For 30 years, the federal seat of Greenway has encompassed the west and northwest region of Sydney. Named for the convict architect, Francis Greenway, the electorate is home to nearly 100,000 voters and spans the entirety of Blacktown City Council. It combines the old established working-class suburbs of Girraween, Seven Hills, Lalor Park, and Toongabbie, with new middle-class housing estates in Glenwood, Stanhope, Quakers Hill, and Kellyville Ridge.
Until 2004, Greenway had been a staunchly Labor seat, held by the largely anonymous Russell Gorman and Frank Mossfield on the back of working-class suburbs like Seven Hills. But those eight years of development resulted in an influx of middle-class voters, who elsewhere became known as the ‘Howard Battlers’ – a subset of metropolitan Australia whose personal ambition and economic desire swept John Howard to victory in four successive elections.
Labor has struggled for relevance ever since. Though they won the seat in 2010, Labor’s Michelle Rowland only did so through an electoral redistribution that saw large Liberal-voting booths in the Hawkesbury replaced with Labor-voting booths in the south. Despite Greenway being notionally Labor, and held on a seemingly safe 5% margin, Rowland came within 1000 votes of losing to the unknown Liberal candidate Jaymes Diaz. The result itself played a huge role in keeping Tony Abbott out of government – but it also highlighted a structural shift in local politics above and beyond the vagaries of a federal election campaign.
In successive council, state and federal elections dating back to 2008, Labor suffered major swings against it from electors across all booths, including former strongholds in the southern suburbs of Toongabbie and Seven Hills. Part of it was down to NSW Labor and its incompetence, corruption, and party politics. Part of it was a protest vote against the Rudd-Gillard debacle. But mostly it reflected a shift in demographics from working class to middle class.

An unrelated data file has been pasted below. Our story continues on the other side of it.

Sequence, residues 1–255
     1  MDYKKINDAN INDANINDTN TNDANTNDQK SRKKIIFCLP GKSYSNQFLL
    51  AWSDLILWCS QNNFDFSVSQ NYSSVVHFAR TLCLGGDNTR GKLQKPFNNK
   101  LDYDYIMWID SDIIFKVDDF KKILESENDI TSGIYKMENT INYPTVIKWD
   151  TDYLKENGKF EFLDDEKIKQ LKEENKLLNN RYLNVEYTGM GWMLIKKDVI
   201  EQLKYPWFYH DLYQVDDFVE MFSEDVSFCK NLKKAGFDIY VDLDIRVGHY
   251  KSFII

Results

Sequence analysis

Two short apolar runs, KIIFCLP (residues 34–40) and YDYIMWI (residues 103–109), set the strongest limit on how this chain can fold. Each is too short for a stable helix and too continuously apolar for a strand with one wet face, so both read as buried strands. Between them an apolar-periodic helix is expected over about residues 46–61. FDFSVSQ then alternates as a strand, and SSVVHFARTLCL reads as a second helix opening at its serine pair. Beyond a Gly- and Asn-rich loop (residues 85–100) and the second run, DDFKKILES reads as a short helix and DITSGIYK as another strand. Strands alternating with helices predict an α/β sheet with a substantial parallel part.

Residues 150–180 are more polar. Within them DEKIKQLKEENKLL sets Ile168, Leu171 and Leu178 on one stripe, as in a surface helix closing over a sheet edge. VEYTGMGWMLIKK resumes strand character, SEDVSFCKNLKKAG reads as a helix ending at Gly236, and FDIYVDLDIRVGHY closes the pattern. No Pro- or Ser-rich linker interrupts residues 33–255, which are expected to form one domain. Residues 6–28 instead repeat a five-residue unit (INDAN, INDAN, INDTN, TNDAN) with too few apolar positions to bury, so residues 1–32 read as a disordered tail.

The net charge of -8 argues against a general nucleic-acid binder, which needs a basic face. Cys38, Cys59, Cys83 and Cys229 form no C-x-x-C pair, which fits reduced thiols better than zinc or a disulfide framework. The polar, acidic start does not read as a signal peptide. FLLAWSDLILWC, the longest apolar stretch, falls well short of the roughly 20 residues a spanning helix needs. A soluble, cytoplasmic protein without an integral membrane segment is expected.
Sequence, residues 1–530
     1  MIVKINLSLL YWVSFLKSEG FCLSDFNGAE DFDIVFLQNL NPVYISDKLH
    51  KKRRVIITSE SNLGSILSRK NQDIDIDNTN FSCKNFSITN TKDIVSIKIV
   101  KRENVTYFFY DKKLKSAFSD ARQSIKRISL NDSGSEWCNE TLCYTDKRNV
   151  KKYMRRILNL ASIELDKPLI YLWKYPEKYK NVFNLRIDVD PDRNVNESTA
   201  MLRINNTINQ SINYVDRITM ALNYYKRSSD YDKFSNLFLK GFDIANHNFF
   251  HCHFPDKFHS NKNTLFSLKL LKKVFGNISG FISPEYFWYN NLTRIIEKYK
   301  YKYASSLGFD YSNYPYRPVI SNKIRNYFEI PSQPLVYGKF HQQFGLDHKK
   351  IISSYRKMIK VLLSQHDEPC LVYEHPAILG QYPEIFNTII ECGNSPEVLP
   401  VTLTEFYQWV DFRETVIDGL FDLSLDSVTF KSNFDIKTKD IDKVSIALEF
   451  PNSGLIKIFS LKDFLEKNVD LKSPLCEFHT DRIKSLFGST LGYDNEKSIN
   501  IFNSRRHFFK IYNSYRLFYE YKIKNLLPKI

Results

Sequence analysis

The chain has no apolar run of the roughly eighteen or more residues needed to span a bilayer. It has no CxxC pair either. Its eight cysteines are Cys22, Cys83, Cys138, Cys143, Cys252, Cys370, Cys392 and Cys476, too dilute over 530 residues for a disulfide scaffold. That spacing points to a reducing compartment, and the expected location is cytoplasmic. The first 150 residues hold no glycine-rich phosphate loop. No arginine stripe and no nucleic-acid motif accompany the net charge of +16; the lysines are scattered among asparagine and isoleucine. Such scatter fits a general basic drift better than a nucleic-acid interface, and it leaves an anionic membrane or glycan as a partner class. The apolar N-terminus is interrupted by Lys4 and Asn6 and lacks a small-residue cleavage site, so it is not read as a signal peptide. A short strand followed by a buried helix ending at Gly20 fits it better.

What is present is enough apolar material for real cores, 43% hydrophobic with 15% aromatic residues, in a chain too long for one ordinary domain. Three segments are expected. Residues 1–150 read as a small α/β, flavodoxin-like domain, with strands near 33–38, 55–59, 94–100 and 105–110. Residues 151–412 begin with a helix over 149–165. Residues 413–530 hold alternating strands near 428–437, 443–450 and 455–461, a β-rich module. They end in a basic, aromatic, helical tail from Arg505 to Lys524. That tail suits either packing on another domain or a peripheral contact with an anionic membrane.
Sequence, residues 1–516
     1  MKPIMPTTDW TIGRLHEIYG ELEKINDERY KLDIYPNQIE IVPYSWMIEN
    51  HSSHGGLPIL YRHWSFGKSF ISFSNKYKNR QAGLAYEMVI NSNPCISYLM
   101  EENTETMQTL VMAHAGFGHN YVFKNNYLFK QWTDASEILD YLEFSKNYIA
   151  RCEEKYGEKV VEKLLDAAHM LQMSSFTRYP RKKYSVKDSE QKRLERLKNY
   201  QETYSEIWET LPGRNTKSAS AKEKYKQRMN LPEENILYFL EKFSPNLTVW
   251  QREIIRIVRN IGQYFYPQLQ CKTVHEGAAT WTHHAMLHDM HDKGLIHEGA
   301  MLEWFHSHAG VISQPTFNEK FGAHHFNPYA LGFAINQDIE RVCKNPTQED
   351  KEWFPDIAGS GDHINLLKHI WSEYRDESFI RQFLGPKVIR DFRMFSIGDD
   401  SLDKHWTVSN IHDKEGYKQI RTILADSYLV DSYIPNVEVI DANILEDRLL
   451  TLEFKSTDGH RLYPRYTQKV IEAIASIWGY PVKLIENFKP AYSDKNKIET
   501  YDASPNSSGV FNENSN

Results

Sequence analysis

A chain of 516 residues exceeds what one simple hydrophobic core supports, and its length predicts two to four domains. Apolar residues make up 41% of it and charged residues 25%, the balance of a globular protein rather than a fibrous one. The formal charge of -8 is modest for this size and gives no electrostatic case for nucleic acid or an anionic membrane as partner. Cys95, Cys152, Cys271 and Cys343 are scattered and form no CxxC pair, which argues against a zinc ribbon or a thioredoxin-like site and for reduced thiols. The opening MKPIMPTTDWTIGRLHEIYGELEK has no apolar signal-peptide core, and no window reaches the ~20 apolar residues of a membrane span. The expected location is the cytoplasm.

It was, in effect, a repudiation of Labor policies and ‘values’ by the middle-class; the very same group that former Labor Treasurer and Prime Minister Paul Keating had ‘created’ in the 1990s.
In short, Labor was no longer representative of these people
Current polling indicates that Labor will lose Greenway with a sizeable swing to the Liberals, and this has been largely unchanged despite Kevin Rudd’s return to the leadership. Throughout June – in the lead-up to the spill – internal Labor party polling was conducted by phone on a weekly basis, and this data was used by Michelle Rowland to justify betraying the Prime Minister. Rowland abandoned her publicly declared allegiance for Gillard and switching to Kevin Rudd because she felt that “to win the election I believed it was best to have Kevin as our leader”.
But that has not stopped Rowland from taking advantage of Gillard’s legislative and policy achievements. Nor has it stopped her from promoting that legacy as her own, despite her very minimal involvement in any of those policies and processes. Curiously though, she has not door-knocked her own electorate.
Not once in 3 years has Rowland actually made the effort to visit residents in her own suburb, including yours truly (for the record, we live barely 1 kilometre away). In fact, Rowland has almost exclusively spent her time in the Labor-voting booths of Seven Hills and Blacktown, with only the occasional foray into the Liberal-leaning Riverstone area. That being said, Rowland does have some awareness of local council issues, and has previously described cost-of-living pressures and the lack of broadband access as major issues in the electorate.